by Content Café, 24 September 2021
Each month we hear from industry insiders in Australia and abroad to get their take on content piracy. Is content protection improving? How do we stop piracy? How does Australia compare to the rest of the world? These are some of the questions we'll be exploring with leaders across the content industry.
Bridget Fair joined Free TV Australia as Chief Executive Officer in February 2018, having previously held a number of senior roles with Seven West Media responsible for corporate affairs, government relations and business strategy. She has also worked with the ABC and SBS, and in private legal practice.
Bridget is a board member of the Judith Neilson Institute for Journalism & Ideas, a Member of the Ministerial Advisory Council on Trade and an independent non-executive Director of iSelect.
Bridget is a former Chairman of Screenrights and has previously served as a Director of OzTAM and Freeview
I am the CEO of Free TV Australia, the peak industry body representing commercial television broadcasters. I joined in 2018, after many years in senior roles at Seven West Media.
Free TV is dedicated to supporting and advancing the important contribution commercial television makes to Australia’s culture and economy. Our members create jobs, provide trusted local news, tell Australian stories, bring us together with live and free sport, create shared entertainment experiences and nurture Australian talent. The industry invests more than $1.5 billion in Australian content each year. In doing so, it has supported our local television production industry.
Commercial television broadcasters provide Australians with access to a vast library of content. In almost every market, 18 channels are available 24/7, broadcasting news and drama, light entertainment and sport, including more than 100,000 hours of Australian content. It is available readily and reliably at the push of a button to 97% of Australians.
Piracy is a major challenge for Free TV broadcasters. We make and commission great content, which we broadcast on our linear channels and make available on our BVOD services. BVOD is Australia’s fastest growing media platform, with revenue growth of 78.4% for the six months to 30 June 2021. While the content on both our linear and BVOD platforms is free, our business depends on the number of people who watch it, which in turn generates advertising revenue. If pirates are making our content available in other ways, it stands to reason that less people will watch the content we have so heavily invested in on our platforms. It’s a significant threat to our business model and therefore to the whole production and distribution sector.
The biggest challenge is keeping up with the pirates. No sooner has one pirate site or channel been identified and dealt with then another one pops up. In fact, I have a real objection to the term “pirate”, which gives these well-funded, professional and often organised crime- linked enterprises a larrikin, swashbuckling character. That’s another challenge, educating consumers to understand that this is theft, and that it undermines the ability of many of their cultural heroes to make a living from their work. Creative Content Australia has a great track record in trying to ensure that Australians understand that this is not a victimless crime and that it has real implications for our content creators.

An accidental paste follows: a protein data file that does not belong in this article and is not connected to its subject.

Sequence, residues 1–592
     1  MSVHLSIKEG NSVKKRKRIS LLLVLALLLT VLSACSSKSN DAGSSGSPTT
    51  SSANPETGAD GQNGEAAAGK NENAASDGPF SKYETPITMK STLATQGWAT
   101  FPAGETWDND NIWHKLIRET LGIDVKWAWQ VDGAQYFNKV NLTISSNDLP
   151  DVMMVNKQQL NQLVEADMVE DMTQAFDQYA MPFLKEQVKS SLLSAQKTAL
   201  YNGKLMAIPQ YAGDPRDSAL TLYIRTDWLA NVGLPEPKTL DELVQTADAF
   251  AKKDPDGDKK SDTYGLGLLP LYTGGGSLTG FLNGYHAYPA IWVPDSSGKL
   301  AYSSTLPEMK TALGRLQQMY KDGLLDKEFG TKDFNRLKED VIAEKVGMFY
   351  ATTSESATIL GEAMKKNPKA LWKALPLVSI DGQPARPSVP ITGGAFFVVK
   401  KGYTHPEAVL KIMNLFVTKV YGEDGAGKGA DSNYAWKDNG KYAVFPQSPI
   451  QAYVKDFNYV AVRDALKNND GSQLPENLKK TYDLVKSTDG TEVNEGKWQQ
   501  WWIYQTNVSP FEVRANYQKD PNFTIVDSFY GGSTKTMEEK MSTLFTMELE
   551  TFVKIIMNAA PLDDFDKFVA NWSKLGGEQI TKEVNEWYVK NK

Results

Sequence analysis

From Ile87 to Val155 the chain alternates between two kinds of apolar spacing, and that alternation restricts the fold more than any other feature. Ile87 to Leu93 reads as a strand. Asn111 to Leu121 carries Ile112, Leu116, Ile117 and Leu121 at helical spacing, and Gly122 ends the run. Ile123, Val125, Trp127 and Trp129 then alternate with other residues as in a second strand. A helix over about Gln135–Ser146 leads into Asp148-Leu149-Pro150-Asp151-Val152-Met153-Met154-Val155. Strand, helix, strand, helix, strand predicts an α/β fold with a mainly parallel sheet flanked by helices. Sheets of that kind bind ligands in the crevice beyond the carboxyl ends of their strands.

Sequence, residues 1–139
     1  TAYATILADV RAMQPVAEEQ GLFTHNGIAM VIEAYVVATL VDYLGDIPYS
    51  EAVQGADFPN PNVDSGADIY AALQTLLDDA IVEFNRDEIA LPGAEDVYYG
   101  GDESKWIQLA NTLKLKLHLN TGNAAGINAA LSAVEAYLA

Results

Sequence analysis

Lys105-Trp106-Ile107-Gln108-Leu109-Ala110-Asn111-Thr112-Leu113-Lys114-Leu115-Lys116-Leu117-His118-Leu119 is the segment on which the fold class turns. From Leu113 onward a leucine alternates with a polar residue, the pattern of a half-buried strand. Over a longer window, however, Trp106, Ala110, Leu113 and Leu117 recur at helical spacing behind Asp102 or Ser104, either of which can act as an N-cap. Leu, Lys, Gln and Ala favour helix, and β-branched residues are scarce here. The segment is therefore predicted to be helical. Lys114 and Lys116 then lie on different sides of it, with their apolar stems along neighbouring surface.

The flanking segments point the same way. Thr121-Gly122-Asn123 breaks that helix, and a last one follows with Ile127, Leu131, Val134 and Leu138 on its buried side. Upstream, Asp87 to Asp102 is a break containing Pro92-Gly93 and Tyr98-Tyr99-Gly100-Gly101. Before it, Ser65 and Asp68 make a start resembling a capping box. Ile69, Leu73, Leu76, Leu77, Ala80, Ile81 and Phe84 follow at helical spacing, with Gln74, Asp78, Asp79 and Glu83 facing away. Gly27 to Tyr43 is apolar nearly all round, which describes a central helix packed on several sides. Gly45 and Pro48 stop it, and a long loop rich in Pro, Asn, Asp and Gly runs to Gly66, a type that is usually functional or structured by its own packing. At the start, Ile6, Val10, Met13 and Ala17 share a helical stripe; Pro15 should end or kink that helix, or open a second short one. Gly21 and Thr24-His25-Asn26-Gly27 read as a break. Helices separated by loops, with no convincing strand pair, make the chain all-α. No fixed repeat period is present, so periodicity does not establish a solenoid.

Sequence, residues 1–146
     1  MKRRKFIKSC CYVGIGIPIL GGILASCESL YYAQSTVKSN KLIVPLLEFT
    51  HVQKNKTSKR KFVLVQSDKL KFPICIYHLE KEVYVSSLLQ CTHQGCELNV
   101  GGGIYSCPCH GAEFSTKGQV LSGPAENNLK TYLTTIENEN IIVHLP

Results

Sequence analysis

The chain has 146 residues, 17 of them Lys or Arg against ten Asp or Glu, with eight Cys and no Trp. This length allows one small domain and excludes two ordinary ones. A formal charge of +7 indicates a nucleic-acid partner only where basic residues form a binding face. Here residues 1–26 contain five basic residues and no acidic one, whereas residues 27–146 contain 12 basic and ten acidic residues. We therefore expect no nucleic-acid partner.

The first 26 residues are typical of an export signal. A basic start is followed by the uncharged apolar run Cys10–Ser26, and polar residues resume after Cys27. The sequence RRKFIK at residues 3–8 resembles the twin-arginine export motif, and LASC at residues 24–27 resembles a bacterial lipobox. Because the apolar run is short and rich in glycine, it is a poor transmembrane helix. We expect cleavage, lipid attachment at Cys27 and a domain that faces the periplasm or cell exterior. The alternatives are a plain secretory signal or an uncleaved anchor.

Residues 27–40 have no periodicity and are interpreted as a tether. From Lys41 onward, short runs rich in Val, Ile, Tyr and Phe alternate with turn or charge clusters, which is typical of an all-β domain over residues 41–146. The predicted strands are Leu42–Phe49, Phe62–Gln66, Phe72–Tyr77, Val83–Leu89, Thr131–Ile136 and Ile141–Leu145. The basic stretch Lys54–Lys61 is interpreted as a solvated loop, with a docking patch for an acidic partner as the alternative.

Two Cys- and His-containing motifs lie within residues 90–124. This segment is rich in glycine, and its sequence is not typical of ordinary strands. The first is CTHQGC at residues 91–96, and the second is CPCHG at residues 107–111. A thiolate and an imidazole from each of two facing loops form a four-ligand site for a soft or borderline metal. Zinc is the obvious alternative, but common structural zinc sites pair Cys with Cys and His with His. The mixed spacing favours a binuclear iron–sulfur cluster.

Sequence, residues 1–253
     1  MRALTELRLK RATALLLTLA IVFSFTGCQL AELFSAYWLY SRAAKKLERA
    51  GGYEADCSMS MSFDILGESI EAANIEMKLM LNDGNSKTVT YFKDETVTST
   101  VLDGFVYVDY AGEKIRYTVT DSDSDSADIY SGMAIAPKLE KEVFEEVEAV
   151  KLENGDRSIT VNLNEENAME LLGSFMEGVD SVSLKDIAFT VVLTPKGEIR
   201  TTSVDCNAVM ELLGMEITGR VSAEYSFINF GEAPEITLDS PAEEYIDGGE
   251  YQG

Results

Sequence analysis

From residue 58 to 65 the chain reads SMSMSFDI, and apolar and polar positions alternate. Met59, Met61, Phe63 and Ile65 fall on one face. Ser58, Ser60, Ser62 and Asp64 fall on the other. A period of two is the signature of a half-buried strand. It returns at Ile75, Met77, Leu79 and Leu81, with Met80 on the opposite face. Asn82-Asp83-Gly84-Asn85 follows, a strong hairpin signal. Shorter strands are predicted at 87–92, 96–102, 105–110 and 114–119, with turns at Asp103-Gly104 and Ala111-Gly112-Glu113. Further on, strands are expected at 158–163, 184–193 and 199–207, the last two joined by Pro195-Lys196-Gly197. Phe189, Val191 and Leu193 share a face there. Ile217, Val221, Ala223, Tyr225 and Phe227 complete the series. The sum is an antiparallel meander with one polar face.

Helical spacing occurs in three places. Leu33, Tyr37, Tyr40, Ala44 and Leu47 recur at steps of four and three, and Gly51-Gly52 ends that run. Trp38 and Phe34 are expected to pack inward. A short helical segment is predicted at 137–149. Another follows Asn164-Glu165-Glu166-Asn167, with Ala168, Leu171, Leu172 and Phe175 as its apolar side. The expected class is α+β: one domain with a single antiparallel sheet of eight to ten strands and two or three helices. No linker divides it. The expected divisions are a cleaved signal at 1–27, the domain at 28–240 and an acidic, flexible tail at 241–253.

Australia has strong copyright laws and the introduction of site blocking laws in recent years has been extremely important in reducing content theft. We have to be very careful to resist calls to water down our intellectual property laws to make it easier for people to use creative content without payment or permission. I think the work done by Creative Content Australia and a strong coalition of content producers and distributors has played a key role in generating understanding and support in Canberra for these important laws. But legal action is only part of the solution. The co-operation of global digital platforms is essential in identifying material that is in breach of copyright and taking swift practical action without waiting for lengthy court actions to play out. If someone is pirating a live sporting event, for example, the main value is in the live experience. Tracking down those responsible after the event doesn’t really solve the problem.
I am still recovering from my Olympics overdose, which was a huge help in lifting the mid-lockdown blues. My kids and I were keen fans of The Voice and Lego Masters earlier this year. I love Aussie drama and Five Bedrooms and RFDS are outstanding, and if you missed Informer 3838 you should definitely binge it on Nine Now. I’m a sneaky fan of The Block and the political junkie in me sees me regularly catching Insiders on a Sunday. And my latest guilty pleasure has been watching Ted Lasso, the kind of heart-warming, feel-good show we need right now.
While the media sector is changing rapidly, Australians still value their Free TV services. TV is moving rapidly from the broadcast age into a hybrid world, where people want to access their favourite television experiences across multiple technology platforms. I’m excited to be a part of taking television into this next stage. But we know that Australians will still heavily rely on broadcast channels for many years to come, so there are some really challenging questions that need to be addressed around future spectrum use and transmission technology. We also need to get the right regulatory settings to ensure we continue to have the strong and viable free, ubiquitous television services that bring us together as a nation. That means looking at issues like prominence. Connected TVs are positioning manufacturers and operating systems as the gateway to television content, so we need to make sure people can still find their Free TV content easily when they turn on the television.